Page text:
TAFUGA: Of course, why not?
EDDIE: That’s not fair.
TAFUGA: They’re depending on us guys.
EDDIE: No, they’re depending on a whole lot of other people too, not just us.
JESUS: Why we got to cut down some Christmas trees for a bunch of old people anyway?
EDDIE: Yeah, what’s in for us? Ain’t no old people ever done anything for me, for free.
TAFUGA: What about your foster mom Eddie, you talk about her all the time since she’s passed?
EDDIE: My foster sister told me she was getting a government check for me. She was always ranting and raving about the mailman, and did the check arrive yet, or go get the check.
JESUS: One time our pastor took members of our church to feed some homeless people.
TAFUGA: And how did that make you feel?
JESUS: I felt good.
TAFUGA: See Eddie, good can come from helping others.
EDDIE: You see those trees over there [Pointing.] Yeah, that one, it’s gonna to take six people. That’s double the work. This ain’t slavery.
JESUS: He’s got a point Tafuga. This ain’t slavery, and besides, we can come back later with the rest of the crew.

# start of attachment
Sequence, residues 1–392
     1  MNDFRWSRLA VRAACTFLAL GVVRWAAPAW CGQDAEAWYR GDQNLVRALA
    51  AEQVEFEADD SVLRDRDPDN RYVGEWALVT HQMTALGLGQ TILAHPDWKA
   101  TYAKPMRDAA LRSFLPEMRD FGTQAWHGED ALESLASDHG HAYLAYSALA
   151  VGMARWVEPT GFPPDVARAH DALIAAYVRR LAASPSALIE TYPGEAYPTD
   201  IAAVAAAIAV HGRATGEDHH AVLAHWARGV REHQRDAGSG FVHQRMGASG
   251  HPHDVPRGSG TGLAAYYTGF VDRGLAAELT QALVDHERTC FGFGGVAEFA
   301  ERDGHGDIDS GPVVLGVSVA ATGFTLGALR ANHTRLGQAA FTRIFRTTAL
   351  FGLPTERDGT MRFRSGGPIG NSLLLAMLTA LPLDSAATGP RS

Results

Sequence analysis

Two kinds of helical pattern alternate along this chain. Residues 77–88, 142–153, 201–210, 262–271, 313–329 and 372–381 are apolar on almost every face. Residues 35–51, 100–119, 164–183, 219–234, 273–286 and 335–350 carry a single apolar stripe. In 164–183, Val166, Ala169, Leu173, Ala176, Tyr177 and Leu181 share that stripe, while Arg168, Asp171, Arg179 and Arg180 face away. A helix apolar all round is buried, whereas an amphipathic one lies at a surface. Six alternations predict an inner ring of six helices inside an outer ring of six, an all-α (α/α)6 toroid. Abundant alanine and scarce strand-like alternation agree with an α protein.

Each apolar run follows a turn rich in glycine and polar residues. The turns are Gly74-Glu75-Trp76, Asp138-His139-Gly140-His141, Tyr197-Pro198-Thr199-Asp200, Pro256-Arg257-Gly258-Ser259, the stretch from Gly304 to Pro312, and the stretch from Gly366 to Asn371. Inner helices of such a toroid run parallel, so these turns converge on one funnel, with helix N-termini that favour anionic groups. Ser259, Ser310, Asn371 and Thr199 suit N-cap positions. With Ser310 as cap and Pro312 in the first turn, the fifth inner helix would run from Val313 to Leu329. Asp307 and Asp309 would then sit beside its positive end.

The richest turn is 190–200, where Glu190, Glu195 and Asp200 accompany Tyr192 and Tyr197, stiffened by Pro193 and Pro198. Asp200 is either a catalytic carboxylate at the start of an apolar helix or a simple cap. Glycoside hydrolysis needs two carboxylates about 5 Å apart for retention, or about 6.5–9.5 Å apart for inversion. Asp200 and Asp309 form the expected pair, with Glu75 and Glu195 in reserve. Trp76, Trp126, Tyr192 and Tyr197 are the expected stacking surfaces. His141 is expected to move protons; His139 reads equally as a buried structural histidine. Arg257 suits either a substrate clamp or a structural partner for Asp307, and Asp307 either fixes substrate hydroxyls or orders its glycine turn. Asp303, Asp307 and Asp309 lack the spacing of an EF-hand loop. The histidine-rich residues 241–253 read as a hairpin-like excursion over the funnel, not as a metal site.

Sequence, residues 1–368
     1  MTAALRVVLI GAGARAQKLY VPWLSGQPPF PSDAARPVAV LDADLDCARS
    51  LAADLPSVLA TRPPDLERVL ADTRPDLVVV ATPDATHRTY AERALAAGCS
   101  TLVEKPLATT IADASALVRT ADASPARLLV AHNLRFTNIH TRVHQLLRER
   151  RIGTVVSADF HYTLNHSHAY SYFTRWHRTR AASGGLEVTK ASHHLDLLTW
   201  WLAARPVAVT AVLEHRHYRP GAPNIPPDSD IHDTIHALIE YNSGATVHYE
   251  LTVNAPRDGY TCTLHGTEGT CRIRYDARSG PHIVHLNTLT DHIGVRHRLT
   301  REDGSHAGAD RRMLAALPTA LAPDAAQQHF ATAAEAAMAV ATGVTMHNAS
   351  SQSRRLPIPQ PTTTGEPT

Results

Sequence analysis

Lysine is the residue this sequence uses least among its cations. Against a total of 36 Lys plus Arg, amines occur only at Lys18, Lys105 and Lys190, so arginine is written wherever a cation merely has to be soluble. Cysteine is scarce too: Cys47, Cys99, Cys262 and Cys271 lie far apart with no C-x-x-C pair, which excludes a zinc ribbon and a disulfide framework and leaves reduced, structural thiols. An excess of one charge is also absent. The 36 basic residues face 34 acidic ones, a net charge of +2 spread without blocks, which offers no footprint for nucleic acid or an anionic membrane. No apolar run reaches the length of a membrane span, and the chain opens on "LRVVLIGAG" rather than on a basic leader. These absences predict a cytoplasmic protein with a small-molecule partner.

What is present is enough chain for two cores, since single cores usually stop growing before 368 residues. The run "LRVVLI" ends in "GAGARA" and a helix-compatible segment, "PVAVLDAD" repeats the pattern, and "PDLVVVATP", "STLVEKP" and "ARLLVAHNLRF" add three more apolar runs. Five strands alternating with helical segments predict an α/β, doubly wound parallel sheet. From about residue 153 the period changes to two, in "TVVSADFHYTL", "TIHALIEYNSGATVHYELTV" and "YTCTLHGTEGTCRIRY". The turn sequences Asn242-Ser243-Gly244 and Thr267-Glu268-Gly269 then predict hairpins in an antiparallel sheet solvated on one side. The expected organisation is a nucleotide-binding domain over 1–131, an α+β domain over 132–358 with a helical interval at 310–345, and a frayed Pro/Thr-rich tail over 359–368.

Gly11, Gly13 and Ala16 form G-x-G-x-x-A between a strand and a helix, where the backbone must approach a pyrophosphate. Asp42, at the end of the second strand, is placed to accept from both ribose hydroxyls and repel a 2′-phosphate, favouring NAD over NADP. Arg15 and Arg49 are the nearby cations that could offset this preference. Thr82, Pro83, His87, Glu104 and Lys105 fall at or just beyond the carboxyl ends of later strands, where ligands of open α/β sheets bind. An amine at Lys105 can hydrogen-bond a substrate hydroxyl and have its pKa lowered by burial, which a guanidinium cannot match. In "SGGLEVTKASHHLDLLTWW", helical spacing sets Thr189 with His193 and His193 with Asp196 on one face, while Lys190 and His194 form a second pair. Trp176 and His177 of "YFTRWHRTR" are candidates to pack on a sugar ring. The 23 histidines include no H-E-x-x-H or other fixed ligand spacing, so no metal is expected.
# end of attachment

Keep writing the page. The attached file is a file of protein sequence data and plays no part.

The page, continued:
TAFUGA: Unfortunately we don’t have that type of time schedule. Besides, sometimes in life you have to pick up the slack for somebody else.
EDDIE: Picking up the slack is one thing, doing double the work is another. And them church people who be cooking that food ain’t never had a kind word for those who don’t show up to help them out. And one thing them church ladies taught me, “God don’t make no fools.”
TAFUGA: [TAFUGA starts walking towards some trees.] Come on Jesus. Come on Eddie. Let’s get started. [JESUS walks towards TAFUGA, and together they walk off stage. EDDIE just stays put and walks off stage in the opposite direction.
[ Takes place at the assisted living home. MARCO, MIGUEL and PEDRO, are all mulling over the recent passing of Pedro’s cousin JUAN who lived at the facility with them.]
MIGUEL: The nerve of that guy. You hear him. The corner just took Juan’s body to the morgue, and these guys are already discussing who’s moving in his room.
MARCO: I tell my daughter all the time when she comes visit me, that these people are heartless.